Florian Cramer: about design and typography in the field of e-publishing

Florian starts his introduction with ‘expectation management’. He explains that the field of design and typography with regards to digital publishing is like the Internet was in the 1990s. The possibilities seem endless, but once confronted with the limitations of the platform(s) you end up with a very poor design. There are several aspects a designer should keep in mind when designing for e-publishing. For instance the multitude of devices that each have their own settings and requirements. In this sense you can see it as the revival of the browser wars of the 90s, where each browser needed its own design. A result of this splintering of devices is the necessity of reflowable content. The content needs to be readable on all the different devices, and thus has to change according to the proportions of the screen. The design is adjusted dynamically. As Florian explains the paradigm of the page is disappearing. Another aspect that makes it difficult for designers is that the reader software itself isn’t fully developed. Most of them for instance do not support non-European alphabets. Especially for the art- design publications this will lead to even more limitations.

Florian also discussed several examples of platforms for e-publishing that are already developed: The people’s E-book - a webapplication for designers and artists to experiment with creating their own publications. Kyur8 - this platform is developed by graphic designers in New York and it allows people to create their own photobooks on the basis off several templates. It is based on HTML5. You can see this as a platform for Zines.

According to Florian it is important to collect these best practices and see what is already done in the field of e-publishing and look for solutions for the problems we encounter. It is about empowering the publishers, designers and developers to ensure that they can find their way in the field of e-publishing on their own.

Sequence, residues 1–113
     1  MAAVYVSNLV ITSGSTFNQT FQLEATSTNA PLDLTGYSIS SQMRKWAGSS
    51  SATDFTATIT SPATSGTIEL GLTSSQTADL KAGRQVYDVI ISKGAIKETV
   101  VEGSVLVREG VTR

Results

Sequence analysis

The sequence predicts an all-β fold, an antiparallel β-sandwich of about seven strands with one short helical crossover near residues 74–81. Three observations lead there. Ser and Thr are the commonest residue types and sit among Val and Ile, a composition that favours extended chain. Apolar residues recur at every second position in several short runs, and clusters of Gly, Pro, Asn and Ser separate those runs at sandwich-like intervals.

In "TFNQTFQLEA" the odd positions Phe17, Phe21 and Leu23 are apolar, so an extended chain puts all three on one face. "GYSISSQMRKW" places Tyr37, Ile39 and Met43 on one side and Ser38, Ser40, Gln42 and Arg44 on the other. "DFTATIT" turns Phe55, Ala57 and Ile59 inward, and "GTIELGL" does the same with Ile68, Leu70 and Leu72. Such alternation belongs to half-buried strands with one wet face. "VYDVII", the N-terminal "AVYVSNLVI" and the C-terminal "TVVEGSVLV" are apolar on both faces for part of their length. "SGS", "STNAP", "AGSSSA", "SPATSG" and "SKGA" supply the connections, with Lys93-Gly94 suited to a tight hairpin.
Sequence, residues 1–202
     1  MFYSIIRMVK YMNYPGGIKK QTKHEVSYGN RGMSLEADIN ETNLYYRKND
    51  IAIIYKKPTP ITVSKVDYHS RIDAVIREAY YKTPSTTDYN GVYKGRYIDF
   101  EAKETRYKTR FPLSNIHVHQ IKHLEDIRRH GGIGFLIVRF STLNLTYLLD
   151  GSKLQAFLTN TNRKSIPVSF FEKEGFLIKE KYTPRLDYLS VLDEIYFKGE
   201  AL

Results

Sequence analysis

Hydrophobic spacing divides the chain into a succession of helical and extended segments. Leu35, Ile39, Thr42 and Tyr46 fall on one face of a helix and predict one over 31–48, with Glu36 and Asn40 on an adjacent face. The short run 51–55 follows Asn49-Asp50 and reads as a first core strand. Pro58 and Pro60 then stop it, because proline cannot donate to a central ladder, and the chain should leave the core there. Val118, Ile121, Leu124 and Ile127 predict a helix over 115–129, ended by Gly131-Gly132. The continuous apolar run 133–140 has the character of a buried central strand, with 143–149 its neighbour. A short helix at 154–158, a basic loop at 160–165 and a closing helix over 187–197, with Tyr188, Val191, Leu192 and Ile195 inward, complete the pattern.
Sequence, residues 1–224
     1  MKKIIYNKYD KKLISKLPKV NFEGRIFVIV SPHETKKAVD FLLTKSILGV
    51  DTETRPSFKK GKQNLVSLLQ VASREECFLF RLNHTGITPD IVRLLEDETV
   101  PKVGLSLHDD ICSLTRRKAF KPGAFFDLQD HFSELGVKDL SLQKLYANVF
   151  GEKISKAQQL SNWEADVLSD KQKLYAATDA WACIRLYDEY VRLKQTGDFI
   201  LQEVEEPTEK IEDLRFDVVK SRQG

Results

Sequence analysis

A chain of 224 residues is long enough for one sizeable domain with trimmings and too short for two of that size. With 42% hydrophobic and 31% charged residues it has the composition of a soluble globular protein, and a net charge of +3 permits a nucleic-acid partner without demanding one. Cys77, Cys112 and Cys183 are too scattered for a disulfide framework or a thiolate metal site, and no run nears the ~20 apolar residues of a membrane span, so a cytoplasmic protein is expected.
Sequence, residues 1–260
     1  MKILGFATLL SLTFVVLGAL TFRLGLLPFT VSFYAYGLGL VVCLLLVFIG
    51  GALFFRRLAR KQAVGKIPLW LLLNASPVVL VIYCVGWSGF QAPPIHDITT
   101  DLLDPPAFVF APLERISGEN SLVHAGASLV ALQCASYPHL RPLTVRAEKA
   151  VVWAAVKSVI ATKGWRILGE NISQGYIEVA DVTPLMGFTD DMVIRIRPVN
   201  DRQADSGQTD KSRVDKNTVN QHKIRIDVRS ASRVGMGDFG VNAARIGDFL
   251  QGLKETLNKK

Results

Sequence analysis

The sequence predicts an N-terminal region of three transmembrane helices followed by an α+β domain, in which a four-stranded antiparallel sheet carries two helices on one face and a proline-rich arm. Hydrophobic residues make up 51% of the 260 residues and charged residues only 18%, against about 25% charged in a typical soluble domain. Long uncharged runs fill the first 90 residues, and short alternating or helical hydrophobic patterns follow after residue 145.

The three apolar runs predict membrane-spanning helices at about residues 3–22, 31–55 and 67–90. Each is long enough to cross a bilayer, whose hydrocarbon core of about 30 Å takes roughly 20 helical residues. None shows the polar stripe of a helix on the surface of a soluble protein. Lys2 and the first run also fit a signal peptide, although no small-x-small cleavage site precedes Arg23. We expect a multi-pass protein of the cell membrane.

Expectations and inventory of existing knowledge and best practices off the partners

The presentations off the publishers illustrated that there are a lot of ideas about e-publishing, but not enough know-how and as a result the steps, or successes, that are made in this direction are very small. As Rudolf explained “veel vallen en weinig opstaan”. There is a lot of uncertainty about how to approach e-publishing, and knowledge about the possibilities that are already out there is missing, especially in relation to distribution.

From the perspective of the developers and designers the remarks made by Florian are confirmed. Annemieke from Restruct Web explains how their first experience with e-publishing was very challenging as they had relatively high expectations of the possibilities. They developed an App for Cross-lab at the WdKA Rotterdam. They encountered problems with integrating video into the app. Since it had to be readable without an internet connection the video needed to be integrated in the file itself, and eventually they ended up with a large application file that only works on a Apple tablet version. As she emphasized with regard to e-publishing it is important to develop something that is sustainable: It needs to work on several platforms and endure the test of time and platform updates.

The designers also addressed the social and interactive possibilities of e-publishing - how is it possible to share reading experiences, notes etc. And to what extend is it possible to integrate video, images or even Google maps into the e-publication? These questions relate to what Florian called ‘the Expanded Book”. But, as Florian emphasizes it is more important to approach e-publshing as a whole new medium. We should not just try to think about how to translate a book to a digital medium, but think about the possibilities of publishing beyond adding video and other interactivity. What new modes of publishing does it ask for?